💽Device Upgrade (sshnpd)

Upgrade the sshnpd binary

Upgrading to the latest version of sshnpd is identical to the installation process.

Please see the installation guide to proceed.

Verify the Upgrade

To check the current version of sshnpd installed on your machine simply execute the binary:


Or if you installed as root:


The first line of output should contain the version information:

Version : x.x.x

Reload the sshnpd service

After upgrading the sshnpd binary, we must restart the sshnpd service so that it runs using the new version. How you proceed is dependent on the original installation method you used:

Systemd unit

We simply need to restart the systemd service:

sudo systemctl restart sshnpd.service

The service will restart using the new binary that has been put in place.

Tmux session

The installer automatically restarts your tmux session, no other steps required!

Headless (cron + nohup)

Retrieve the Process ID

To safely restart the headless service, we must be slightly more careful with the headless installation. First we must grab the process id of sshnpd:

pgrep -f "$(eval echo \"$( cat $HOME/.local/bin/sshnpd.sh | grep /sshnpd | awk '{$1=$1};1')\" )"
If you're curious how this command works
cat $HOME/.local/bin/sshnpd.sh | grep /sshnpd | awk '{$1=$1};1'

Print out the contents of the sshnpd.sh service file, then extract the line where we execute the sshnpd program.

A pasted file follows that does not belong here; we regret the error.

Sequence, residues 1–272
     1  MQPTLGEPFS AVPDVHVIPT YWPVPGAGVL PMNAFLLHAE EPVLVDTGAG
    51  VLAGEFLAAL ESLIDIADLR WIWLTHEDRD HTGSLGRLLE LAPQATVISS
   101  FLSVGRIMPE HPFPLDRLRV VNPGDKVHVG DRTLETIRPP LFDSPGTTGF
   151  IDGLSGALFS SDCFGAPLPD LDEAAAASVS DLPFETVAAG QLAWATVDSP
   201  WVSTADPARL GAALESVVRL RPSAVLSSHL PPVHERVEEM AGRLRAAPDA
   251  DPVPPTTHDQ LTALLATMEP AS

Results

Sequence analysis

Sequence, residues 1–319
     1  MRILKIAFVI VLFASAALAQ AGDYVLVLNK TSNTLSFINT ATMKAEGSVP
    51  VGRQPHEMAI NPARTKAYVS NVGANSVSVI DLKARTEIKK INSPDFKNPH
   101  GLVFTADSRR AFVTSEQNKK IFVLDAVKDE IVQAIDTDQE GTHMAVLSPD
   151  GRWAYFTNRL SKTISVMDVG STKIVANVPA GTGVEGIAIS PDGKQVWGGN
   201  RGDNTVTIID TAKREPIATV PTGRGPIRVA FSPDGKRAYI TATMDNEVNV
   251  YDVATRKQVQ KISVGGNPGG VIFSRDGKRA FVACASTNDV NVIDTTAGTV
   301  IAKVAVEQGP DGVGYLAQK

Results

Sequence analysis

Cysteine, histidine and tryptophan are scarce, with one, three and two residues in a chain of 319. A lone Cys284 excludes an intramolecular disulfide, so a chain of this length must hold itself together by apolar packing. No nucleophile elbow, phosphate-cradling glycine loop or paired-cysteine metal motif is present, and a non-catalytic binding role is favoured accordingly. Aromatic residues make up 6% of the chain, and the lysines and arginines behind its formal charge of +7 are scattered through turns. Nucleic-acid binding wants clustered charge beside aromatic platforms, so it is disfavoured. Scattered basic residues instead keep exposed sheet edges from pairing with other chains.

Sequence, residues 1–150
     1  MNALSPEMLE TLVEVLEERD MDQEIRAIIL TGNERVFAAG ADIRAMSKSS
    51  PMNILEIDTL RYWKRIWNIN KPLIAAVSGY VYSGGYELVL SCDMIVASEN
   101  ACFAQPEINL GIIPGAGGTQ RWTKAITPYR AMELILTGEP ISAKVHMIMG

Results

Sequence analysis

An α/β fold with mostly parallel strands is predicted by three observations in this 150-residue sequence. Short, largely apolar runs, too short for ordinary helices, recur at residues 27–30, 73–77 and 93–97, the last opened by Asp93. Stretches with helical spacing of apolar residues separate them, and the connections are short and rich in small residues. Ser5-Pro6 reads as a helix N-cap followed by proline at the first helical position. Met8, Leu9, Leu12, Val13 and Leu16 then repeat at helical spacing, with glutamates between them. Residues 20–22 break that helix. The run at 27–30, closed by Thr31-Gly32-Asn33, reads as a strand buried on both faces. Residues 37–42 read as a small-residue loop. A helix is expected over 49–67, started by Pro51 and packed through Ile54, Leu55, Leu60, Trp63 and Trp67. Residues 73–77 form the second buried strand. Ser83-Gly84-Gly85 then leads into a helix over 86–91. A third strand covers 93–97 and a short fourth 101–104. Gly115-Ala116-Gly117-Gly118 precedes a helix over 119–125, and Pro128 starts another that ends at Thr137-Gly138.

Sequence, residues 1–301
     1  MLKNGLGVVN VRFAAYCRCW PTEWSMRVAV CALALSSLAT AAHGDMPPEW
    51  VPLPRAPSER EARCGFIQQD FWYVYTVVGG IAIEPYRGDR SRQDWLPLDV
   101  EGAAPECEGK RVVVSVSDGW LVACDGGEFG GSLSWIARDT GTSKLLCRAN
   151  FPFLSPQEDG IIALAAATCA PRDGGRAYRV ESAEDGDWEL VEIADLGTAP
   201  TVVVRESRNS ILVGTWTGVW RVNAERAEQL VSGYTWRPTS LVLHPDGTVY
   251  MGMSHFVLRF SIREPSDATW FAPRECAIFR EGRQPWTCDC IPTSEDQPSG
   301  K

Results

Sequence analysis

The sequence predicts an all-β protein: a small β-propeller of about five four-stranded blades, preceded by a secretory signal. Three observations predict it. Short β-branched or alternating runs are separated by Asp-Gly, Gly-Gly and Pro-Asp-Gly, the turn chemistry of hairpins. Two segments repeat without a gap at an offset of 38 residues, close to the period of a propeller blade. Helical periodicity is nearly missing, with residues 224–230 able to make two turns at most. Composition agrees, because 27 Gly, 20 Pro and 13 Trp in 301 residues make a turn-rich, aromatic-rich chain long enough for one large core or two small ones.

eval echo \"$(...)\"

Resolve any variables in place for the output of the previous expression.

pgrep -f "$(...)"

Find the process id of the program which was started using the command matching the output of the previous expression.

You should get a single number as output, this is the process ID of the sshnpd process.


atsign@sshnpd-test:~# pgrep -f "$(eval echo \"$( cat $HOME/.local/bin/sshnpd.sh | grep /sshnpd | awk '{$1=$1};1')\" )"

Verify the Process ID

Before we continue, it is good practice to make sure that we have the correct ID:

ps -fp <process ID>


atsign@sshnpd-test:~# ps -fp 289
UID            PID    PPID  C STIME TTY          TIME CMD
atsign         289     114  0 11:10 ?        00:00:00 /home/atsign/.local/bin/sshnpd -a @atsign_device -m @atsign_client -d mydevice -suv

As you can see, under CMD we have /home/atsign/.local/bin/sshnpd -a @atsign_device -m @atsign_client -d mydevice -suv. This is the command inside our sshnpd.sh service which used to start sshnpd. This is the correct process that we want to kill in order to restart sshnpd.

Killing the process

Now that we have retrieved and verified the process ID, we can use the kill command to kill the process:

kill -9 <process ID>


root@sshnpd-test:~# kill -9 289

Verify the Process has been killed

Use the same verification command from before:

ps -fp <process ID>


root@sshnpd-test:~# ps -fp 289
UID          PID    PPID  C STIME TTY          TIME CMD

As you can see, there are no entries anymore. This means process 289 has been killed, sshnpd should automatically restart under a new process ID.

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